Kissimmee's Fishing Paradise

    By Terry Gibson

    Recently, veteran bass pro Terry Segraves invited me to fish Lake Toho with him, a few days ahead of the full moon and the spawn.

    Terry has lived in Kissimmee since 1983 and knows the area as well as anyone. He put me on fish and in the process wound up offering a tour of the Kissimmee River and Kissimmee Chain of Lakes.

    This ecosystem is stunning and vitally important to the health and vitality of southern Florida. The watershed encompasses more than two dozen lakes plus the Kissimmee River and its tributaries. It all starts near Orlando in Orange County as the headwaters of the Kissimmee-Okeechobee-Everglades system. There’s more high-quality water to fish and explore here than you can imagine. Here are the major lakes by the numbers:

    • Lake Tohopekaliga - 18,810 acres
    • Lake Kissimmee - 34,948 acre
    • East Lake Tohopekaliga - 11,968 acre
    • Lake Cypress - 4,097 acre
    • Lake Hatchineha - 6,655 acre
    • Lake Jackson - 1,500 acre
    • Lake Marian - 5,739 acre
    • Lake Gentry - 1,791 acres

    I met Terry at the Big Toho Marina, located at the northern end of West Lake Tohopekaliga, which means appropriately, “We will gather together here.” The marina is located right in Historic Downtown Kissimmee Florida, just minutes from Florida’s Turnpike, and a short distance from the Orlando International Airport. While we waited for the sun to rise, we enjoyed coffee and egg sandwiches while joshing around with the merry band of guides that fish out of that marina. Those guys have it good, and they know it!

    Could you imagine going to “work” every day on 22,000 acres of water that is widely recognized as one of our country's premier largemouth bass fisheries? This is where professional angler Dean Rojas broke all existing BASSMASTER records with a mind-blowing one-day, five-fish limit weighing 45 pounds, two ounces. Rojas won the overall competition and $110,000.00 with a four-day, twenty-fish total of 108 pounds, 12 ounces. Break down that math and you’ll realize that he caught five nine-pound-plus fish in one day, and the average weight of the fish he caught in those four days was more than five pounds.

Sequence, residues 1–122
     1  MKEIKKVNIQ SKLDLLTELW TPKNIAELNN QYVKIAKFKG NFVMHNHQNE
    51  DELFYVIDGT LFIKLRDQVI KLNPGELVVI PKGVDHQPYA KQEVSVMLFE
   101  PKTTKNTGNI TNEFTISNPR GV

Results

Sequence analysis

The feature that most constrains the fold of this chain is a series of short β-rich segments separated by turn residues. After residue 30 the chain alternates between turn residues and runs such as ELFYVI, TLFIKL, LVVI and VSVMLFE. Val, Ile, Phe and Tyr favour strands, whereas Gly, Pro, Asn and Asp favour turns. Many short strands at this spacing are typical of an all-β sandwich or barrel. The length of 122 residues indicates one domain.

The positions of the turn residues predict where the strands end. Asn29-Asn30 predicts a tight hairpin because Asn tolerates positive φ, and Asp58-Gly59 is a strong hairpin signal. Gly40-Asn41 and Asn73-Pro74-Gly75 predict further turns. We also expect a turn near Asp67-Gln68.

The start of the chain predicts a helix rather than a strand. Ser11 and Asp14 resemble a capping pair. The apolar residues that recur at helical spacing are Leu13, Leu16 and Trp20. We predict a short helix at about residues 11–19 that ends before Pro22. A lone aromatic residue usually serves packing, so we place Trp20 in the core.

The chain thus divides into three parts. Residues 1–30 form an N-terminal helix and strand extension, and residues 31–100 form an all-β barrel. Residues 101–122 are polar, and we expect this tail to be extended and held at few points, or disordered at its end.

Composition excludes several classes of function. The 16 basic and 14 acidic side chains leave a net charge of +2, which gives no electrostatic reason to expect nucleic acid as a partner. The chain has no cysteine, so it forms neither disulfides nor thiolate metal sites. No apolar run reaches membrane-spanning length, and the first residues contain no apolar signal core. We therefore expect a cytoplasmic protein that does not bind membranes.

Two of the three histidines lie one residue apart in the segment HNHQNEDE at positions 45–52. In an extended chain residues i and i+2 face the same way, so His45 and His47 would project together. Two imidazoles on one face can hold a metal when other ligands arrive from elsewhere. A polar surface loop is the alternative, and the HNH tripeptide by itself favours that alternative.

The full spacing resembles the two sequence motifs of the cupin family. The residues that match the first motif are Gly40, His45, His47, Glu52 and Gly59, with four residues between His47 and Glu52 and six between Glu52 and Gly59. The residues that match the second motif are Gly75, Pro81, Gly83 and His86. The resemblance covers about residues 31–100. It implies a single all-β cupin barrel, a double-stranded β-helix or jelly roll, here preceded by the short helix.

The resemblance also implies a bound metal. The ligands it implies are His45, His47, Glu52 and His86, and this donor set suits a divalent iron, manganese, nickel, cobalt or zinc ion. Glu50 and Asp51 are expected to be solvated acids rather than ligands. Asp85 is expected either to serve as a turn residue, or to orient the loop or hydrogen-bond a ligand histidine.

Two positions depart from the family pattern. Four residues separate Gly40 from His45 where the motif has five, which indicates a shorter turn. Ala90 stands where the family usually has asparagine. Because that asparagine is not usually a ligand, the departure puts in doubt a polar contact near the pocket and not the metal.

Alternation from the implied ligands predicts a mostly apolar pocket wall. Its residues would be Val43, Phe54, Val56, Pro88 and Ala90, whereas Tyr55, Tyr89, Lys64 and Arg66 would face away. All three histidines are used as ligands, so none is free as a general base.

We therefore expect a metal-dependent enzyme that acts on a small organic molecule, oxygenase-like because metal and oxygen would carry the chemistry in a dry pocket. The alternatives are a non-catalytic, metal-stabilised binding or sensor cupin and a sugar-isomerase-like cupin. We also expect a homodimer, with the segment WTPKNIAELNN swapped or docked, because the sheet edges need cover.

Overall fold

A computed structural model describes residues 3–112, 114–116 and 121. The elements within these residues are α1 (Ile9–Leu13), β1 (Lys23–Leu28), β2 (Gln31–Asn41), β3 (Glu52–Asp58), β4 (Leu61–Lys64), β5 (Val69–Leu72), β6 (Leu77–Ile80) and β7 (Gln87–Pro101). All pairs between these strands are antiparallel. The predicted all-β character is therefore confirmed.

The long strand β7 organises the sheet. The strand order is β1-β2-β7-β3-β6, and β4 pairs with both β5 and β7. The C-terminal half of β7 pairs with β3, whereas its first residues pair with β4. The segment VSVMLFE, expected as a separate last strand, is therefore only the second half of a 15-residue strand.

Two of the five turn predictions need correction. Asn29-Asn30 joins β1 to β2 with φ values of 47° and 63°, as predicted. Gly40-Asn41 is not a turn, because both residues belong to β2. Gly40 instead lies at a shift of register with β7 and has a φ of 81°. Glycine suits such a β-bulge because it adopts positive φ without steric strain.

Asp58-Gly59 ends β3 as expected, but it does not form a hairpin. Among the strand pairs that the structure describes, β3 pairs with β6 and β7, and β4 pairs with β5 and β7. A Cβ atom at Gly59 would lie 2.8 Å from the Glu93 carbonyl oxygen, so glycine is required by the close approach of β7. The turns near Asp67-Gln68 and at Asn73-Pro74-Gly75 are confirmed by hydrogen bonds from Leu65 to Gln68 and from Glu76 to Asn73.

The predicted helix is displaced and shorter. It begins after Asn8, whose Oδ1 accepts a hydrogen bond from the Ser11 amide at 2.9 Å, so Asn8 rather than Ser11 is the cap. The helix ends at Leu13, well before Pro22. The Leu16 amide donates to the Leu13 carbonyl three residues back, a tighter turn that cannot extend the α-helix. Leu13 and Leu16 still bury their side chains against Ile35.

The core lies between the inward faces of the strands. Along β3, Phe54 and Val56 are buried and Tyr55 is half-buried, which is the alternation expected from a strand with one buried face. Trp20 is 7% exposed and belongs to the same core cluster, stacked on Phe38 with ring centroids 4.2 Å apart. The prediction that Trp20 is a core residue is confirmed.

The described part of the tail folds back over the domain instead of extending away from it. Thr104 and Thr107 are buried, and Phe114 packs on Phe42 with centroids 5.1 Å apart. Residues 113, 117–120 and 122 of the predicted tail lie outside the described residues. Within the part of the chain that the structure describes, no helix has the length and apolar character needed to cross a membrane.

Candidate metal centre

Terry and I got on a good topwater bite early, and we caught a few nice fish. I lost one that I had trouble turning away from the vegetation. With high sun, a warm day and the spawn obviously dead ahead, Terry decided to take my 10-month old hunting dog, Kuno, and me down through the locks and run to Lake Kissimmee, where we flipped heavy vegetation until we came upon some schoolie bass ravaging the shad.

    On the way back, Kuno took great interest in the rafts of waterfowl on the lakes. I counted five swallowtail kites, two Everglades snail kites—which are unique to this part of Florida—and four bald eagles. It is truly a stunning boat ride through old oak and cypress hammocks that open out into some of the healthiest, most verdant waters in the country.

    I can’t recommend a fishing trip to the Kissimmee area strongly enough. It is stunning, conveniently located and inhabited by some of the most welcoming people you’ll ever meet. Make sure you register with the Florida Fish & Wildlife Conservation Commission’s TrophyCatch program, so that you can register any lunker(s) you catch, win great prizes and help us with critical scientific information about our breeder fish to keep Florida the Bass Fishing Capital of the World.

    For more information on the area, visit Experience Kissimmee.